One of the interesting interior design topics mentioned, again and again, is the growing popular styling theme Transitional, and how although it is common vernacular in the design community, it is not fully understood or identifiable among consumers. Outside the sphere of interior design and architecture, the term Transitional design is vague and confusing and this presents an opportunity for designers to be more specific and definitive with their customers.
What is Transitional Style?
So how do you define Transitional design style? While there are hundreds of interior design styles to choose from, in general, they fall under a spectrum that consists of three primary design categories Traditional, Transitional, and Contemporary. From here you’ll find each design style leans toward one of these categories, or perhaps lands somewhere in the middle.
The spectrum of interior design styles.
Transitional style is found right in the middle of the spectrum of design. It represents the blend of both traditional and contemporary styles, midway between old world traditional and the high-tech, and the sleek world of metal and glass contemporary. It takes the best of both worlds and encompasses a design characterized by clean lines, simple styling, and an open floor plan focusing on classic, comfortable, and practical looks.
With Transitional being between Traditional and Contemporary, you’ll find many styles under this design category including; Coastal, Modern Farmhouse, and Shaker to name a few.
History of Transitional Design Style
The Transitional design style made its first appearance in the 1950s as a response to the previous era that embraced very modern and mid-century modern design styles. In 2012, the National Kitchen & Bath Association (NKBA) reported for the first time in history for their annual interior design style poll, Transitional design had displaced Traditional design as the most popular design theme. That trend has continued to hold true year after year and the trend looks to continue strongly in 2021 and beyond.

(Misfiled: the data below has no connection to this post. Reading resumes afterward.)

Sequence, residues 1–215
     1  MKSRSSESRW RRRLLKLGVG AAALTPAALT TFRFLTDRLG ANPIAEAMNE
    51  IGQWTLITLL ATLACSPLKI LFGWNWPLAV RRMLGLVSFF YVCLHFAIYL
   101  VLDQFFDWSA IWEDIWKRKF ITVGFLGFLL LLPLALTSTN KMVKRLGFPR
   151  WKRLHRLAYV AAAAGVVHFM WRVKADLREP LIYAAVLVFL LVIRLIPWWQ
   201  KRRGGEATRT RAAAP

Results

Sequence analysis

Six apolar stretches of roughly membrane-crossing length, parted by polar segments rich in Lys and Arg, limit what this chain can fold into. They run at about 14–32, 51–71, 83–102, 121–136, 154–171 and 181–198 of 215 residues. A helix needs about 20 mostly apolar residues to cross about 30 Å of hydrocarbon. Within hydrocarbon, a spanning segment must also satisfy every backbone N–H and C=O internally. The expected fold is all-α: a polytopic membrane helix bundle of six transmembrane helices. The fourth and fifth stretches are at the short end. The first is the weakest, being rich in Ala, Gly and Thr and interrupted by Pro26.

How to Create a Cohesive Transitional Style Kitchen or Bathroom
Transitional style truly takes the best of both worlds (Traditional and Contemporary) and encompasses a design characterized by clean lines, simple styling, and an open floor plan focusing on classic, comfortable, casual, and practical looks. It is not ornate or over-detailed, and it is not high-gloss and ultra-modern. Oftentimes, the clean simple lines of Shaker styling an minimalistic styled elements would be included in a Transitional design theme.
Selecting Transitional Style Cabinetry
It’s important to note that although painted kitchens are VERY popular right now and many painted kitchens are featuring clean, transitional design, paint itself does not define Transitional styling. There are many beautiful stained wood kitchens that have a Transitional design as well.
Cabinetry within transitional styled kitchens and baths typically feature flat panel and/or slab door styles.
Accent doors can vary from modern Aluminum Framed cabinet doors to simple glass doors or metal inserts to a traditional but simple patterned Mullion door or Leaded Glass door. Or sometimes just a contrasting color to emphasize an area of the design.
Simple mirrored cabinet doors work beautifully in this Transitional style Dura Supreme kitchen.
Transitional Styled Design Elements
Cabinetry and furniture lines are simple yet elegant, featuring either straight lines or basic rounded profiles. When selecting corbels, bun feet, moldings, etc for your Transitional style kitchen or bath stay away from overly ornate or detailed pieces. Less is more when it comes to Transitional styling.
Shiplap design accents are commonly found in Transitional style kitchens to add texture and interest to a flat, minimalistic surface or feature. This Dura Supreme kitchen features a shiplap look on the kitchen island and the modern style wood hood.
A transitional style turned post on a bathroom furniture vanity by Dura Supreme Cabinetry.
Is Transitional Style Your Interior Design Style?
Here are several examples of kitchens with a Transitional Design theme.